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Houston19514 last won the day on July 18 2018

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  1. It's really not that simple. First, everyone dies. The analysis has to consider how much earlier people die than they otherwise would have. I read recently that a substantial number of corona virus deaths are elderly or otherwise-compromised people who likely would have died within a year even without the virus. The analysis has to consider that, along with the possibility that in the long run, many millions of people might have shorter life spans as a result of the lower prosperity caused by the economic shutdown. Plus, there remains the unanswered question of exactly what is expected to be accomplished by the economic shut-down. Flattening the curve does not necessarily mean fewer deaths from the virus. It just spreads them out further.
  2. Really? It seems like there might be different data and electrical service and/or HVAC requirements, not to mention different load-bearing capacities if there might be medical equipment such as MRIs etc.
  3. Not exactly. The Texas Commission on the Arts has designated the "Washington Avenue Arts District" as a (not the) state-designated cultural district (one of five such designated districts in Houston, seven in the metro area). Demonstrating Houston's difficulties with successful branding, the state designated it (presumably at the district's request) as the Washington Avenue Arts District, the street signs in the area say "First Ward Arts District" and it seems to operate at least on the web, as "Arts District Houston".
  4. A massive economic slowdown is not a remotely possible outcome???? It's already happening. At the margins (which is where everything happens), there are already millions of people whose future health outlooks are diminished as a result of the shutdowns, and millions more to come. As a society, we will in fact be less prosperous and therefore have reduced health outlooks. I don't pretend to know where the crossover point is, but it's a discussion that should be had, openly and honestly, without hyperbolic claims that to have the discussion means you want to sacrifice 2% of our population or all old people.
  5. Interesting. I had not idea buildings in Houston had been destroyed by the 1900 hurricane.
  6. Just to be clear, the harms to health that can be expected to arise from an economic shutdown (or massive slowdown) are not due to civil unrest. It's about the million little things that would not longer be economically viable... money no longer available to invest in medical care, medical research, better building standards (there's a reason wealthier societies generally suffer fewer casualties from earthquakes, hurricanes, etc.), better food production and distribution . . . Not to mention the fact that, without jobs (and income), it's kinda hard for people to buy food, shelter, medicine, and healthcare. Indeed, we hope there will continue to be medical discoveries, but without an economy to support that research and production...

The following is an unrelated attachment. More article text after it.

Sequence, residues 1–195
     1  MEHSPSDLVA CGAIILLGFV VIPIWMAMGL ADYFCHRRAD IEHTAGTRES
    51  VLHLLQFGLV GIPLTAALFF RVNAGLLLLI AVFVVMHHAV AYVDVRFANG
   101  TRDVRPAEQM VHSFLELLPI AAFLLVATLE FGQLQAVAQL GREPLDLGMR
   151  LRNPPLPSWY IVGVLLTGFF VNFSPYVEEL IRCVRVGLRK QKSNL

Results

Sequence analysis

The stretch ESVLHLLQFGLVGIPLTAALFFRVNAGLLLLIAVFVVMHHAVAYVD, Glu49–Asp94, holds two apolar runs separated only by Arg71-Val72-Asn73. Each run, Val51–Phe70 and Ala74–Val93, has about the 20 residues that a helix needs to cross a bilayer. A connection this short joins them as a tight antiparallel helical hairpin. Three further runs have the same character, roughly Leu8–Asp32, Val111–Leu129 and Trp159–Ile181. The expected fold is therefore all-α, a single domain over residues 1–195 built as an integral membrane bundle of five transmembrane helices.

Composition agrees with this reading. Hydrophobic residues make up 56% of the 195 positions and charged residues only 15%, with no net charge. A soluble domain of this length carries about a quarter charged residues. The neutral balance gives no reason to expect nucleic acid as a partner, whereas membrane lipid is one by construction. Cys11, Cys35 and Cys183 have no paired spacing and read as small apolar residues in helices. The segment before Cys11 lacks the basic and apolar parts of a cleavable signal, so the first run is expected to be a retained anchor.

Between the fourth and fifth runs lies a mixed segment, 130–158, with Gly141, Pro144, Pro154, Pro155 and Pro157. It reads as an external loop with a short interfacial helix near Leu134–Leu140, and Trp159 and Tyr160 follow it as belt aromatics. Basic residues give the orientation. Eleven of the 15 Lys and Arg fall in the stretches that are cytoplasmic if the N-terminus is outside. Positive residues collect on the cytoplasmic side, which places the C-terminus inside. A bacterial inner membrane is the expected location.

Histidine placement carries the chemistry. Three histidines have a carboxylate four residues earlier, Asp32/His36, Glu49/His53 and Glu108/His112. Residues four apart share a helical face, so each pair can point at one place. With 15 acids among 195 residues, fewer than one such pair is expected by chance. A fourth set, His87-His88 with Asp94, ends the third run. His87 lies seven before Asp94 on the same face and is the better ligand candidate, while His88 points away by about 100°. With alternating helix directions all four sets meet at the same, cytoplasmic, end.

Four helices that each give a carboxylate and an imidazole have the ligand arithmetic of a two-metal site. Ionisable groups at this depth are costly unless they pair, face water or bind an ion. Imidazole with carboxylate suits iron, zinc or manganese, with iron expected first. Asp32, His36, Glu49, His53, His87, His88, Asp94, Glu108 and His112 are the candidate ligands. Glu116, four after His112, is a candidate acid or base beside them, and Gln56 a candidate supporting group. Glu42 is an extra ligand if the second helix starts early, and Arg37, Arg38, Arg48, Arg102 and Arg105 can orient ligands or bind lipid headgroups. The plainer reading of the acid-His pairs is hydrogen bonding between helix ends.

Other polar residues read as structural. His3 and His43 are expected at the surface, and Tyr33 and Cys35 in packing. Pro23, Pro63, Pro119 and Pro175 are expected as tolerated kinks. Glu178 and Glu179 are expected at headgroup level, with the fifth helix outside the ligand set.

7. The point isn't to sacrifice x% of people merely to avoid economic harm. The point is that, at a certain point, economic harm is also bad for society's health and could in fact cause more deaths than the x% being "sacrificed".
  8. I think it had started. I believe they had reached the point where the crane base was installed in the last week or so.
  9. That is based on a number of assumptions that are far from evident. (1) All or any substantial number of businesses can operate efficiently for the long-term with all or a substantial majority of workers WFH (probably not the case; certainly not the case for a very large number of businesses/employees.) (2) All or a substantial majority of the reduction in traffic we are seeing is the result of people not going to work (pretty clearly not the case); (3) No further growth.
  10. Just to clarify, that it is not exactly what was reported. It was reported that "10% fewer cars on the roads would mean a 40% reduction in traffic jams." https://www2.deloitte.com/be/en/pages/strategy-operations/articles/future-of-mobility-press-release.html More important, I don't know where that conclusion came from. I cannot find it anywhere in the actual study.https://www2.deloitte.com/content/dam/Deloitte/be/Documents/strategy/FOMBrochureFinalVersion.pdf It's in the press release about the study, but it does not seem to be in the study.
  11. 2019 metro area population estimates were released yesterday: July 1, 2019 population: 7,066,141 July 1, 2018 population: 6,976,147 2017 population: 6,900,090 2016 population: 6,806,503 (they revise each year's estimates) 1 year increase: 89,994 Growth rate: 1.3% July 1, 2010 population: 5,947,236 9-year increase: 1,118,905 Percentage growth since July 1, 2010: 18.8%
  12. Agreed. I wish I had more confidence in our city's leadership, including police department leadership. I'm hearing way too many first-hand accounts of police taking ridiculous amounts of time to respond to true emergencies (e.g., 45+ minutes to respond to an active home invasion, with homeowners hiding in their home). Combined with the out-of-control homeless throughout downtown, midtown, Museum District etc, we're starting to have the feeling of an out-of-control city, and not in a good way. I love all of the park projects and bike-lane projects and such, but if we don't take care of the basics, they will have been a huge waste of money.
  13. He didn't just all but say it. He outright said it. "I would pick a woman to be my vice president.”
  14. The Quitman grade separation is scheduled to start next year (approximately April 2021). Construction of the Hardy extension is scheduled to start in September 2021.
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